City offers to extend Animal Control plan
by DAVID DAVIS, Managing Editor
Mar 28, 2013 | 947 views | 0 0 comments | 4 4 recommendations | email to a friend | print
Animal Shelter
Bradley County and the city of Cleveland are negotiating a new animal control contract. Options range from extending the current agreement to discontinuing calls outside the city limits. Banner photo, DAVID DAVIS
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The Cleveland City Council earlier this week said it is willing to continue providing all of Bradley County with an animal shelter and provide for the needs of animals needing protection and adoption, and will continue to move toward a no-kill city.

At-Large Councilman Richard Banks made a motion Monday to extend an agreement to Bradley County to continue the animal control contract under existing terms for a three-year period. The motion was approved by a vote of 8-0.

The proposed agreement comes after Bradley County Mayor D. Gary Davis sent a letter to City Manager Janice Casteel informing her the county did not wish to continue the contract under the same conditions. It was, however, willing to renegotiate for terms more equitable to both sides. The Council rejected the county’s offer in favor of extending the current agreement.

In the past calendar year, 1,687 animals came from the city and 3,114 animals came from the county for a total of 4,801. Animal control officers responded to a total of 7,888 calls, of which 3,867 were in the city and 4,021 in the county. Overall, 56.2 percent of the animals and calls came from the city.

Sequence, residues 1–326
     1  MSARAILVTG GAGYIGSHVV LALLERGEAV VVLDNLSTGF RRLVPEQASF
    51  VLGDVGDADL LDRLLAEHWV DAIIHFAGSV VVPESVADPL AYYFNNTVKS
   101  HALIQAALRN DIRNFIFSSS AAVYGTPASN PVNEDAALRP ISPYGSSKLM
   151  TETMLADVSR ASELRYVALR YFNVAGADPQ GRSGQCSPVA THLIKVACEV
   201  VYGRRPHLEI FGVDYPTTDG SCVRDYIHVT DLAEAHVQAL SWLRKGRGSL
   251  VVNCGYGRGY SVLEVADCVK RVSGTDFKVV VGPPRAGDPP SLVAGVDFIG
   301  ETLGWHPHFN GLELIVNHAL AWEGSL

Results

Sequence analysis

The city’s proposal is based on the fiscal year 2014 operating budget of $649,007 plus depreciation costs raises the amount to $663,174. After sales, fees and fines of $31,433 the net operating cost is estimated at $631,741. The county’s share would be 56.2 percent or $355,038.

The county proposal is based on the previous year’s operating budget of $548,043. Under that proposal, the county share would be $298,455.

The difference between the two proposals is $56,583 less the county would pay.

In the past calendar year, 1,687 animals came from the city and 3,114 animals came from the county for a total of 4,801. Animal control officers responded to a total of 7,888 calls of which 3,867 were in the city and 4,021 in the county. Overall, 56.2 percent of the animals and calls came from the city.